Dr. Azizzadeh closely monitors a patient’s progress as well. As a result, Dr. Azizzadeh ensures a patient is fully supported throughout the treatment process and helps this individual alleviate his or her facial paralysis symptoms.
Ramsay Hunt Syndrome FAQ
Because individuals who suffer from facial paralysis as a result of Ramsay Hunt Syndrome often have a great deal of questions as their condition arises seemingly out of no where, Dr. Azizzadeh has compiled a list of his most frequently asked questions to help you better understand your condition. If you have additional questions, we encourage you to contact our medical practice today.
Q:Is facial paralysis caused by Ramsay Hunt Syndrome painful?
A: Ramsay Hunt Syndrome itself can bring a very painful blister like rash to the individual suffering from the disorder, which can be painful. Facial paralysis as a result of the condition, however, is most likely not.
Q: Am I a good candidate to undergo Botox for facial paralysis?
A: If you’re experiencing an uneven smile as a result of Ramsay Hunt Syndrome, you might be a great candidate to undergo treatment. To find out, it’s important to schedule a consultation at the Facial Paralysis Institute.
Q: Are treatments to help facial paralysis caused by Ramsay Hunt Syndrome covered by insurance?
A: This depends greatly on your insurance provider. At the Facial Paralysis Institute in Beverly Hills, we make sure to work with your insurance company to the best of our ability in an attempt to get as much of your treatment covered as possible.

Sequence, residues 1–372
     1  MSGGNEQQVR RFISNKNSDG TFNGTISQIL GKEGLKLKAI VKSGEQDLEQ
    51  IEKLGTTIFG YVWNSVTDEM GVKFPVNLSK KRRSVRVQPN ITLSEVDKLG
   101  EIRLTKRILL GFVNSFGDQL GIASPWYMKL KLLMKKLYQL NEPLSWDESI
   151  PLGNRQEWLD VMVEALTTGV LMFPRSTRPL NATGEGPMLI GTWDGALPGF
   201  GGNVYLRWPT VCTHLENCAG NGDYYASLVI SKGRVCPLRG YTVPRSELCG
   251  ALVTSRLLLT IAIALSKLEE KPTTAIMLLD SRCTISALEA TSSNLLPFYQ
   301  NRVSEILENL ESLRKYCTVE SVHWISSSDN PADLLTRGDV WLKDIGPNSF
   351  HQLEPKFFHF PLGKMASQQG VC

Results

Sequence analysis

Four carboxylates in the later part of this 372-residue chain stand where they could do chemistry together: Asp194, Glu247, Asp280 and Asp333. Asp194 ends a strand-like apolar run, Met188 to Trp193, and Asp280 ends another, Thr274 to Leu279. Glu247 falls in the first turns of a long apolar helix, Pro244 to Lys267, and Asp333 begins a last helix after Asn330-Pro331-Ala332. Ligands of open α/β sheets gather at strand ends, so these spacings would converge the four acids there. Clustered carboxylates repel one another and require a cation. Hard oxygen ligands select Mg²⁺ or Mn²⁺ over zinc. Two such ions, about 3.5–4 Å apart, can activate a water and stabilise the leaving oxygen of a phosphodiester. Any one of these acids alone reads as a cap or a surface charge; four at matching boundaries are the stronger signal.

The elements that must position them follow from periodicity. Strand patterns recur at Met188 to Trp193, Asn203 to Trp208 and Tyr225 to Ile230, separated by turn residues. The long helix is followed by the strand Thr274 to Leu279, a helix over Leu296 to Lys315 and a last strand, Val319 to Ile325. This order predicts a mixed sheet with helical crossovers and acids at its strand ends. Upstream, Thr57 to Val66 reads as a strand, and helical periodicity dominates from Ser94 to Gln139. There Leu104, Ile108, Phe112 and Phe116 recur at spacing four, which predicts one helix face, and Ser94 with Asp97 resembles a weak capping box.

Q: Who should administer Botox treatments for facial paralysis?
A: It is ideal to have an experienced facial plastic surgeon give you Botox injections for your condition, as they have the most experience of both the function and aesthetics of the face.
Q: How long does facial paralysis from Ramsay Hunt Syndrome usually last?
A: This greatly depends on how soon you’re able to seek treatment for your condition. The most important part of curing Ramsay Hunt Syndrome is to make sure that you visit a physician as soon as you realize you may be suffering from the disorder, as fighting the virus is key to reduce the length of your disorder and future complications.
Contact The Facial Paralysis Institute Today
Understanding that there are options for individuals suffering from facial paralysis induced by Ramsay Hunt Syndrome is the first step in putting a smile back on your face. If you would like more information regarding treatment for facial paralysis as a result of Ramsay Hunt Syndrome, we encourage you to contact the Facial Paralysis Institute today to schedule your consultation with revolutionary surgeon Dr. Azizzadeh. At the Facial Paralysis Institute, Dr. Azizzadeh works to come up with a custom treatment plan for each and every patient, as he understands the importance of re-creating your facial balance unique to you.